Op-Ed: The Wikileaks Documents Show the CIA’s Hacking Operations Cause More Harm Than Good
Posted on March 19, 2017
With barely a week having passed since Wikileaks released a formidable cache of documents on CIA hacking techniques, observers are already frantically assessing their impact. Media and expert reactions vary widely, spanning anywhere from Leonid Bershidsky’s dismissal of the revelations as ultimately inconsequential in affecting what is a given in intelligence work, to Fred Kaplan’s sharp condemnation of a brazen assault on the national security apparatus.
Beyond that which will surely accompany Wikileaks’s planned future publication, we are sure to see more thorough and (hopefully) nuanced analysis in the coming weeks, but I wanted to contribute to the present debate by emphasizing an underrepresented, and underappreciated, view. Regardless of how one may feel about the legitimacy of the intelligence community’s work or the methods it chooses to employ toward those ends, the fact that developers of indispensable programs, services, and operating systems are now able to patch the critical security vulnerabilities uncovered in the disclosures is an unquestionable and significant good for citizens and consumers in the US and around the world.
There is a common misconception surrounding the practice of disseminating software vulnerabilities or malware on the internet–that the intent is malicious, constituting an attempt to proliferate hacking tools to sow discord. However, such a practice is antithetical to a malicious hacker, as it is hard enough to contend with computer security programs without also having to compete with other black hats for the same pool of targets. Any bad actor of basic competence would much rather choose to keep exploits, or knowledge of how to craft them, to themselves.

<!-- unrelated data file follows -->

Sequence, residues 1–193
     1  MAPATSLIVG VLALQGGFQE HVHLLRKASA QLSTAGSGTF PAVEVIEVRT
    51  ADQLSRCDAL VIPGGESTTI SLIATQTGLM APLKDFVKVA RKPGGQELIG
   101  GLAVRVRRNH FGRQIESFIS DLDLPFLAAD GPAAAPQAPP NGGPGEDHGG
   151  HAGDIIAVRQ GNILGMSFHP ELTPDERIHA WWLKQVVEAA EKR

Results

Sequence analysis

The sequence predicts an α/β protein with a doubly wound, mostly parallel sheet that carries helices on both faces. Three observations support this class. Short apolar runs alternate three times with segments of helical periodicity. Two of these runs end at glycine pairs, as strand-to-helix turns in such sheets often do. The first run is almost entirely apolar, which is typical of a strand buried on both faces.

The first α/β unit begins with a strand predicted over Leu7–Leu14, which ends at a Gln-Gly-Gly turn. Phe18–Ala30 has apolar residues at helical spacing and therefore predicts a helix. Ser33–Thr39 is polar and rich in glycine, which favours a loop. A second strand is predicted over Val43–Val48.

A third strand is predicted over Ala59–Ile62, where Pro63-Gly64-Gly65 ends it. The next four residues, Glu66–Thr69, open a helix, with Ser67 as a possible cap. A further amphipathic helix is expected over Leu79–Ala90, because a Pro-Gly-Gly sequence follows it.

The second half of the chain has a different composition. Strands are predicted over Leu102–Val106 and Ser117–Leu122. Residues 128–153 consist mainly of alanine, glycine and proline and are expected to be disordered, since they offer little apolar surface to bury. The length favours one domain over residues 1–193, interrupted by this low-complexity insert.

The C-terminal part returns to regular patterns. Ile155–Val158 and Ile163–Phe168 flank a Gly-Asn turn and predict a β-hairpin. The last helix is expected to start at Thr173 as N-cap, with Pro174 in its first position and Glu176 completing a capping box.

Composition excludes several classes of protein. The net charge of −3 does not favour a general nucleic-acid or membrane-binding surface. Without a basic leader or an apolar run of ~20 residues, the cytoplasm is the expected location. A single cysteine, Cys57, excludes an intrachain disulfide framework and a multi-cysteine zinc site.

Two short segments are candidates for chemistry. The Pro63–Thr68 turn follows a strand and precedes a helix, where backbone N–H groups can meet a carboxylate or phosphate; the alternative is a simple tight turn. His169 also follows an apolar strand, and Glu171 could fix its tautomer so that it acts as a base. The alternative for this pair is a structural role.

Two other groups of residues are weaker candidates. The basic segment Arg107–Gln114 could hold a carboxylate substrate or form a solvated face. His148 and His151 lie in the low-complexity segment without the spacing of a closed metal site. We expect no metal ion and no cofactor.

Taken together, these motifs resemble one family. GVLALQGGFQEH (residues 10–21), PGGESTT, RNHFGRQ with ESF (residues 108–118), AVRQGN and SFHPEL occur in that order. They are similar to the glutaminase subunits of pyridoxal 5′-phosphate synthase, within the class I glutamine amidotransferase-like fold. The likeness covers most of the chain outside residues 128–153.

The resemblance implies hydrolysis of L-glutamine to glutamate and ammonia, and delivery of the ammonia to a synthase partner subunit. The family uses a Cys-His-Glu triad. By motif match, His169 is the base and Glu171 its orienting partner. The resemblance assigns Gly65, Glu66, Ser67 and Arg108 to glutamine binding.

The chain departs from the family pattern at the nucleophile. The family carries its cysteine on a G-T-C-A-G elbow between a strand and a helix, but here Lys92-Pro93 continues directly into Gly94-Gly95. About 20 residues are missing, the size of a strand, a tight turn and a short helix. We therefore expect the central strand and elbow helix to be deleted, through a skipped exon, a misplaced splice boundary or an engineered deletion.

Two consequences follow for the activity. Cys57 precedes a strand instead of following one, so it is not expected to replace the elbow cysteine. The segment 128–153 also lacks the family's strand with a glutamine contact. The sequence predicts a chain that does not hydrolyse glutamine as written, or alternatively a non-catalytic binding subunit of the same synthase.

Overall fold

More importantly, releasing vulnerabilities gives the developers of the affected programs the opportunity to close the holes in their defenses. This is usually the reason why those who publicize software vulnerabilities choose to do so. Many companies will refuse to take action when notified privately of the existence of critical bugs–perhaps the rationale is that there is little to be gained, monetarily, from fixing a bug that users don’t even know exists–so the only recourse is to set it loose and force their hand.
The latest dispatch from Wikileaks performed exactly this function, if with the principal aim of accomplishing other ends. In fact, Wikileaks’ editor-in-chief, Julian Assange, has stated that he intends to do precisely that, sharing the CIA’s exploit code with the developers of targeted products in order to facilitate the development of security patches.